VIOLENT SATURDAY (director: Richard Fleischer; screenwriter: based on the novel by William L. Heath/Sydney Boehm; cinematographer: Charles G. Clarke; editor: Louis Loeffler; music: Hugo Friedhofer; cast: Victor Mature (Shelley Martin), Richard Egan (Boyd Fairchild), Stephen McNally (Harper), Virginia Leith (Linda Sherman), Tommy Noonan (Harry Reeves), Lee Marvin (Dill), Margaret Hayes (Mrs. Emily Fairchild), J. Carrol Naish (Chapman), Sylvia Sidney (Elsie Braden), Ernest Borgnine (Stadt), Dorothy Patrick (Helen Martin), Boyd Morgan (Slick), Brad Dexter (Gil), Bill Chapin (Steve Martin); Runtime: 91; MPAA Rating: NR; producer: Buddy Adler; Twilight Time; 1955)

"Any pic that has Ernest Borgnine as a pacifist Amish farmer plunging a pitchfork into the back of the devil character played by Lee Marvin, could have won me over on that alone."

Reviewed by Dennis Schwartz 

Richard Fleischer ("The Boston Strangler"/"Soylent Green"/"The Jazz Singer") skillfully directs this well-crafted atmospheric violent bank heist pic. It's based on the story by William L. Heath (it appeared in Cosmopolitan magazine in February 1955) and is written with great dialogue by Sydney Boehm (for example, a heartbroken Richard Egan cries out in bewilderment to his new flame, "She looked awful, didn't she? Like she'd never been alive," after viewing his wife's corpse and recalling that just four hours ago he reconciled with her).

The action scenes are right on target, but the overheated and contrived melodramatic subplots are unconvincing and slow things down considerably. But any pic that has Ernest Borgnine as a pacifist Amish farmer plunging a pitchfork into the back of the devil character played by Lee Marvin, could have won me over on that alone.

Three vicious bank robbers -- the cold-blooded candy-chomping safecracker Chapman (J. Carroll Naish), the wisecracking inhaler sniffing killer Dill (Lee Marvin), and the ruthless master-mind gang leader Harper (Stephen McNally) -- are strangers posing as traveling salesmen in the small Arizona mining town of Bradenville, who case the bank prior to pulling a Saturday afternoon holdup at closing time. The trio hole up in the Bradenville Hotel and scheme the heist for a day or so, which gives us a chance to observe life in this quiet town. Twerpy married bank manager Harry Reeves (Tommy Noonan) has the hots for the new hottie nurse in town, Linda Sherman (Virginia Leith), and creepily stalks her. Wealthy young mine owner Boyd Fairchild (Richard Egan) is unhappy and drinks too much because his wife Emily (Margaret Hayes) is unfaithful. Mine supervisor Shelley Martin (Victor Mature) is a happily married family man, whose only concern is that his 10-year-old son (Bill Chapin) questions him why he was not in the war, and sullen librarian Elsie Braden (Sylvia Sidney), from a prominent family, is humiliated to find herself in debt and is so desperate she steals a purse.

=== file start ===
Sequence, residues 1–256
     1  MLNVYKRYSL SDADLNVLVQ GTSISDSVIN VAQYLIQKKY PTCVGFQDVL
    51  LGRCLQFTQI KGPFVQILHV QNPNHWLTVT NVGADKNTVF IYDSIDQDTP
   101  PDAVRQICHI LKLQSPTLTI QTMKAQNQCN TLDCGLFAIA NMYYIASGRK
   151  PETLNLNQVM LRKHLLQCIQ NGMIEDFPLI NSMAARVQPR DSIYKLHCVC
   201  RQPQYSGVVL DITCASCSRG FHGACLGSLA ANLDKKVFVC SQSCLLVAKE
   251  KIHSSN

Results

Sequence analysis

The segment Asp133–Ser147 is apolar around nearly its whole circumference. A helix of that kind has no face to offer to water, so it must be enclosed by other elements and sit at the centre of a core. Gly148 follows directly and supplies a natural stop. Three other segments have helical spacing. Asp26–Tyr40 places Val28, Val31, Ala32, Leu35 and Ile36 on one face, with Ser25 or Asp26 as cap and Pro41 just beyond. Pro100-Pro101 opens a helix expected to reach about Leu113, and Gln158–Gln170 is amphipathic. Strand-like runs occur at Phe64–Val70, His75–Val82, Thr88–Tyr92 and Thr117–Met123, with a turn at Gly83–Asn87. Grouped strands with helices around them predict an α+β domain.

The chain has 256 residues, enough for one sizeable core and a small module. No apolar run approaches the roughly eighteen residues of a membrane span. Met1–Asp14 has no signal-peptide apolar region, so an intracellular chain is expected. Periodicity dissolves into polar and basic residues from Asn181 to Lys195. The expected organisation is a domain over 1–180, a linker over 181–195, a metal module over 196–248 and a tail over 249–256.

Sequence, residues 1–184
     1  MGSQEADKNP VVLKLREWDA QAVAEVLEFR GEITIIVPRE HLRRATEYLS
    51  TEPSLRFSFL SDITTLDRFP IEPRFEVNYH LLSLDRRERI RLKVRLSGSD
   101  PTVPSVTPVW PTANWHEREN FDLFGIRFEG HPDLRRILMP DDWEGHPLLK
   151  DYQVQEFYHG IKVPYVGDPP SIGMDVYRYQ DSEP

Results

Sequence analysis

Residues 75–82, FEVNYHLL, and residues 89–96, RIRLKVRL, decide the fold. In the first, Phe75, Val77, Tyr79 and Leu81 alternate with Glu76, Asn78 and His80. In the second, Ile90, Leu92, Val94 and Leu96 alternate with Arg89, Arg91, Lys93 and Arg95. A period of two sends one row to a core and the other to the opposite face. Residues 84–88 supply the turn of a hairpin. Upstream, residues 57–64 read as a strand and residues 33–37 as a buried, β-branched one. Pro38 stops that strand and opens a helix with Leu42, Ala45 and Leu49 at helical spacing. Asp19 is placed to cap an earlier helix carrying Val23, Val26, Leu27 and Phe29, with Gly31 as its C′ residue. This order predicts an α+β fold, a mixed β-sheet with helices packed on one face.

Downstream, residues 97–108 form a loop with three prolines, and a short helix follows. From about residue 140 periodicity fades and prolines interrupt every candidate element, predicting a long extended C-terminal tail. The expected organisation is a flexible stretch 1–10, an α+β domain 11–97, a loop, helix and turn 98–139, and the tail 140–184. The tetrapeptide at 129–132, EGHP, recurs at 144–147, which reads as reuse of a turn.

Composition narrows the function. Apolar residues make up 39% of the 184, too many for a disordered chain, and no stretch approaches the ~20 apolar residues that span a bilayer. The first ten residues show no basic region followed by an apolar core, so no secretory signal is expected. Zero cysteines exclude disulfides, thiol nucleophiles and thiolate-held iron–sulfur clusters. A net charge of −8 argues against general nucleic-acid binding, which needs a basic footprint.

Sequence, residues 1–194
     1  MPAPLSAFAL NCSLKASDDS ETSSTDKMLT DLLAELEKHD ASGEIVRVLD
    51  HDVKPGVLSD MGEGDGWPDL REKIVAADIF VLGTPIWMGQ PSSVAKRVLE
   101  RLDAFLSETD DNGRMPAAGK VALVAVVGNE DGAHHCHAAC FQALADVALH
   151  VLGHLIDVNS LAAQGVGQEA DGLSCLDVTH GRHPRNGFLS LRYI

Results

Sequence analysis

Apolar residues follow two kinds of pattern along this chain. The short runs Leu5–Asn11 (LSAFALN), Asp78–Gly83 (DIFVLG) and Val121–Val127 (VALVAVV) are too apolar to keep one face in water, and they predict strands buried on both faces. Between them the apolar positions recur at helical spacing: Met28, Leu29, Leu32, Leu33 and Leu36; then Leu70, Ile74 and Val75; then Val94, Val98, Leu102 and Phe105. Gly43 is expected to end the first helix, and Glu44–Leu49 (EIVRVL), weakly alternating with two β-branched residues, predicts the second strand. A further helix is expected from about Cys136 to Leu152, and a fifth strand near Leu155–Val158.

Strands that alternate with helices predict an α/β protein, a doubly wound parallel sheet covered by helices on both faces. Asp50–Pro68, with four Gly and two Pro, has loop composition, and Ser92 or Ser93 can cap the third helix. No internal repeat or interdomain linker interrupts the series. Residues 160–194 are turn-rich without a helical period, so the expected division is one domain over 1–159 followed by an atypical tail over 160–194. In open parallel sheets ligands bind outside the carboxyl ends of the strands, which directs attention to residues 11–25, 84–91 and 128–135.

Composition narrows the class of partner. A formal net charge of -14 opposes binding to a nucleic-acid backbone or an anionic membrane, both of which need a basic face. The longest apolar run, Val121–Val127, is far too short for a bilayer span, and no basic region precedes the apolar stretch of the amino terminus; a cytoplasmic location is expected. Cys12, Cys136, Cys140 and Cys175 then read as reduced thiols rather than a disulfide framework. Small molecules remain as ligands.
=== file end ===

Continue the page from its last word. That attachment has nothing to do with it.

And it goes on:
It all leads to the climactic bank robbery, where the trigger happy gun-toting robbers kill one customer and wound a bank employee before making their escape in Shelley's car, with him held as a hostage in an Amish farm outside of town. That's where the gang intends to transfer the stolen loot into a truck carrying hay, while they ride off in the stolen vehicle. The only trouble is Martin got loose and a bloody shoot-out occurs at the Amish farm.

REVIEWED ON 4/19/2011       GRADE: B

Dennis Schwartz: "Ozus' World Movie Reviews"